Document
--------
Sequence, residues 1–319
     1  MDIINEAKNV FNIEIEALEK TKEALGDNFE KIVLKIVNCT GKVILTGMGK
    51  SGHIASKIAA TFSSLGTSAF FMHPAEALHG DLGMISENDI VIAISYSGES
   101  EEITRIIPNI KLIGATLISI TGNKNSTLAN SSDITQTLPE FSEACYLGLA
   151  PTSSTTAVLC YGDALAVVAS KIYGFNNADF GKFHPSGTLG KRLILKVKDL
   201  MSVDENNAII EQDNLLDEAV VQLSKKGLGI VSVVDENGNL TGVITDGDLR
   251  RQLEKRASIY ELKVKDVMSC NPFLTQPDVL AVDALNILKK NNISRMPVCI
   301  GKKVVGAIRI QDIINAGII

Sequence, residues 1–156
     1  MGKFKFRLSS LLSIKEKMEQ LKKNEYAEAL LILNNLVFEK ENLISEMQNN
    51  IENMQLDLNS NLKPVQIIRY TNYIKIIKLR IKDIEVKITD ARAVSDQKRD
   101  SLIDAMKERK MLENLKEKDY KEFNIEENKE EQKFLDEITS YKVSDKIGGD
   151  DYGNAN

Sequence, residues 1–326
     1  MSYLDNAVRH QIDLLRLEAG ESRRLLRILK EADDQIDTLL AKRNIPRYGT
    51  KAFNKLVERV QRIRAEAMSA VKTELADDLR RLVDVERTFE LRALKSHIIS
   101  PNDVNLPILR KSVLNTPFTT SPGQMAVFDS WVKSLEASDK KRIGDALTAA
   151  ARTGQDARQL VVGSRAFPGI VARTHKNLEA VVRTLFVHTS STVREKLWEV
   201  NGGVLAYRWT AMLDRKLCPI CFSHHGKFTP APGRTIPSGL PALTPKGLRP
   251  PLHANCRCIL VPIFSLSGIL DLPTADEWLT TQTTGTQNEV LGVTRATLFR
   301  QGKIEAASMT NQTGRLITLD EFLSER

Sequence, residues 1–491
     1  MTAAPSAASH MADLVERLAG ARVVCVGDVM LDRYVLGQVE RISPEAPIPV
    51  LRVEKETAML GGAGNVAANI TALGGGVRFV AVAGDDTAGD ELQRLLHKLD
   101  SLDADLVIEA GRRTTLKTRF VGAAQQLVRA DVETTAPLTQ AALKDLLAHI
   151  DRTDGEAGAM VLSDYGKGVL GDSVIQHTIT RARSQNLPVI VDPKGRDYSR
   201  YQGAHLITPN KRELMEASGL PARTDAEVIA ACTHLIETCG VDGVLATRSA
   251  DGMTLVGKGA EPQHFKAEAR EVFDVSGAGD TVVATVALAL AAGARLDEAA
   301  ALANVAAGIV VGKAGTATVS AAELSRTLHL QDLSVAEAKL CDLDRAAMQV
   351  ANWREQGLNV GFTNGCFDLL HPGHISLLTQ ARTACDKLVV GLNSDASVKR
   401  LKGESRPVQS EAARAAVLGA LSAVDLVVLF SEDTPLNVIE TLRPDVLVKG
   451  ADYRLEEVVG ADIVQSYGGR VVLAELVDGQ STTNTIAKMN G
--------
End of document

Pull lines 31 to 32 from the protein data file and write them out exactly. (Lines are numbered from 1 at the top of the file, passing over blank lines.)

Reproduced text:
   401  LKGESRPVQS EAARAAVLGA LSAVDLVVLF SEDTPLNVIE TLRPDVLVKG
   451  ADYRLEEVVG ADIVQSYGGR VVLAELVDGQ STTNTIAKMN G